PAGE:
This story was reported by John Asbury, James Carbone, Matthew Chayes, Vera Chinese, Joan Gralla and Mark Harrington. It was written by Chayes.
Five members of an extended family were killed Tuesday in a late-night fire that tore through a century-old Victorian house in Riverhead apparently lacking smoke alarms, Suffolk police said.
The five were a mother, son, daughter and two nephews, and investigators believe the victims were trying to flee their third-floor apartment when they were overwhelmed by the blaze, said Suffolk Det. Lt. Kevin Beyrer, head of the Suffolk police department's homicide squad.
Beyrer, who said the cause was accidental, said there were 10 people total in the house, and that five people living on the first two floors were able to escape the burning building, which is on East Second Street.
Beyrer said there was a back door and a front entrance to the house, but the apartments all shared a center hallway of the house, which is from 1905 and made of a wooden frame.
"It’s a very old house, so it was a very fast-moving fire," Beyrer said.
Lori Starsiak and her grown son, Adam, barely made it out of the house with the clothes on their back, said Lori's sister, Carol Loper of Jamesport.
They lost their phones, electronics, eyeglasses and even a set of dentures, Loper said. They're staying at a Riverhead hotel while they recuperate from the fire.
"She’s OK. She got out in pajamas. She did have shoes on. My nephew had nothing on his feet," Loper said. "It’s an unbelievable thing, but thank God she was on the second floor and barely got out."
The family members who died were found on the third floor, which had only one exit, he said.
"They were not in their beds. They were probably attempting to get out," Beyrer said.
He said other members of the victims' family have been notified of the deaths, but that the police are waiting to publicly disclose the names until they are conclusively identified by the Suffolk County Medical Examiner's Office.
The police said firefighters responded to the 911 call within one minute and found the house fully engulfed in flames.
Arson investigators and homicide detectives searching the house found no criminal or suspicious cause.
"All signs right now point it to being noncriminal and accidental in nature," Beyrer said. "All the factors point to it being accidental."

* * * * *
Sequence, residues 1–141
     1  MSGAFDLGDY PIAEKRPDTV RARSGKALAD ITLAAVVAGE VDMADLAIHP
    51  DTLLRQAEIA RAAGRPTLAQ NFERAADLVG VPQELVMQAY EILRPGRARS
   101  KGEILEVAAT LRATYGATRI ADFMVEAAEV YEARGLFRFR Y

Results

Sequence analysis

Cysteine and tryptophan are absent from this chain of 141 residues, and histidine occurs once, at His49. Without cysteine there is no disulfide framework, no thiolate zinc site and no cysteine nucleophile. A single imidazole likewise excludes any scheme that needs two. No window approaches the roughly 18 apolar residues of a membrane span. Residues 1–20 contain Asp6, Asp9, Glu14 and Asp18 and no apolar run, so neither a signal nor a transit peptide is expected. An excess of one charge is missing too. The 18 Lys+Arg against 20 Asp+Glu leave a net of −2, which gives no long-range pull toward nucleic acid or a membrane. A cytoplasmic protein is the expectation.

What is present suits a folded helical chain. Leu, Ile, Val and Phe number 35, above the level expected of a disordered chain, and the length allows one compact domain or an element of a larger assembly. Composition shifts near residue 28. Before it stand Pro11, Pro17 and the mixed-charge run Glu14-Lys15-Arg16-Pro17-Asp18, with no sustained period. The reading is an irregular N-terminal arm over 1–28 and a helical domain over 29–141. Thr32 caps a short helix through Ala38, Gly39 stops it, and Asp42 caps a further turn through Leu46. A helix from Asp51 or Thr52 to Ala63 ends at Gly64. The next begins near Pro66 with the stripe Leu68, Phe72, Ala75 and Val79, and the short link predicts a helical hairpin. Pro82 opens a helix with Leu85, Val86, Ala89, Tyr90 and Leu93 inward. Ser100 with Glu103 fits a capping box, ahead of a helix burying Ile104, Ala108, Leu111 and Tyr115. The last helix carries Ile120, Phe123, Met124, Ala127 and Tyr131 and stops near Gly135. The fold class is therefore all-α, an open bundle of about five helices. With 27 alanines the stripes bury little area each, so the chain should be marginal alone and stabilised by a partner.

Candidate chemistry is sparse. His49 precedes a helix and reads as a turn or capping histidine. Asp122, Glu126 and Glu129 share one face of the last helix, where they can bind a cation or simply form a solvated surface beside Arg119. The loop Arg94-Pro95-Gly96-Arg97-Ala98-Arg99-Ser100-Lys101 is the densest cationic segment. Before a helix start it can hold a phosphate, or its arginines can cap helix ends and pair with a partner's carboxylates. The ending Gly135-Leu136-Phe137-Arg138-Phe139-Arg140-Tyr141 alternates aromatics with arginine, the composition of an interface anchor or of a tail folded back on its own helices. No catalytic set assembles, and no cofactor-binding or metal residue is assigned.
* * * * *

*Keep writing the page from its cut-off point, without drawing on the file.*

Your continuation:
A resident from the second-floor apartment had returned house from walking a dog, smelled smoke and heard neighbors across the hall yelling about the fire, Beyrer said.
The homeowner lived on the first floor and two residents lived in each of the two apartments on the second floor, Beyrer said.
Police said code enforcement believed they were all legal apartments. There is no indication, based on interviews, that there were any smoke alarms in the building, Beyrer said, adding, however, that he could not "definitively" conclude that at this time.
Reached by phone, owner Carmela Cannella said she didn't want to comment.
All landlords and property owners are required to have smoke alarms and carbon monoxide detectors on every floor, in every sleeping area and within 12 feet of every room, Riverhead Senior Building Inspector Andreas Sofoklis said.
He did not have any specific details on smoke alarms at the house where the fire occurred.
On Wednesday morning, people were seen consoling one another outside the house.
Neighbor Steve Tracy said that the night of the fire, he heard screams coming from inside.
"I was going to bed. I see my blinds all glowing red. I looked out. The whole house was engulfed," he said. He said he remembers thinking: "How could people get out of that? That's crazy."
The discovery of the bodies was made after firefighters extinguished the blaze, which was reported about 10:30 p.m., a police statement said.
The house is a three-story, cross-gable Victorian shingle-style house, according to a survey of the neighborhood posted on New York's Department of State website.
Aguiar confirmed that Cannella had rented out the apartments.
Referring to the dead, she said, "All five individuals were of Guatemalan descent, it appears, and the Guatemalan Embassy has been in touch" with family members to "supply support," which includes financial help.
Representatives of the Guatemalan consulate office in Riverhead declined to comment, as they had not yet been able to reach the victims' family members.
Richard Wines, chairman of the Riverhead Landmarks Preservation Commission, said buildings from that time are particularly at risk.
"Wood-frame houses are, unfortunately, vulnerable" to fire, he said.
Denia Archaga, who lives two houses away, said she lost her best friend in the blaze.
"It’s so sad," she said. She called her friend during the evening fire but got no answer.
Ruby Weston, who lives two houses away, said she was awakened Tuesday by banging at her door around 10:30 p.m.
"It was flames. I thought the trees were on fire, that’s how big the flames were," she said. There were flaming embers blowing all through the neighborhood.
"I thought my house was going to go on fire. … All I could do was grab my cat," she said.
She, her husband and her cat got out of the house and were out until 12:30 a.m.
Neighbor Irving Reyes, who lives behind the house, had similar concerns about the fire.
"The electrical wires were sparking. The wind was carrying the embers," Reyes said. "You could tell it wanted to go [spread]."
Katheryn Michel, a neighbor, said she didn’t know residents of the house. "I remember seeing a lot of toys out front," she said.
She said parents in the neighborhood are all part of a diverse, "tight-knit community" of Black, Hispanic and white people.
"There’s no divide," she said. "We’re all concerned. We just want to help."
Check back for updates on this developing story.